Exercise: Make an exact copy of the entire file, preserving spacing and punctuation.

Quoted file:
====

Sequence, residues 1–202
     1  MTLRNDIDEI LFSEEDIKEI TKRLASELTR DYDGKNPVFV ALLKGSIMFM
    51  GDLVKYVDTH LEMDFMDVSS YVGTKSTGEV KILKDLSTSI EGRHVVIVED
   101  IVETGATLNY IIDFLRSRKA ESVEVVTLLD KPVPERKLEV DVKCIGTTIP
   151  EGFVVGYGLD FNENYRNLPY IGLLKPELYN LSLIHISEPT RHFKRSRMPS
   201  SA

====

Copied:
Sequence, residues 1–202
     1  MTLRNDIDEI LFSEEDIKEI TKRLASELTR DYDGKNPVFV ALLKGSIMFM
    51  GDLVKYVDTH LEMDFMDVSS YVGTKSTGEV KILKDLSTSI EGRHVVIVED
   101  IVETGATLNY IIDFLRSRKA ESVEVVTLLD KPVPERKLEV DVKCIGTTIP
   151  EGFVVGYGLD FNENYRNLPY IGLLKPELYN LSLIHISEPT RHFKRSRMPS
   201  SA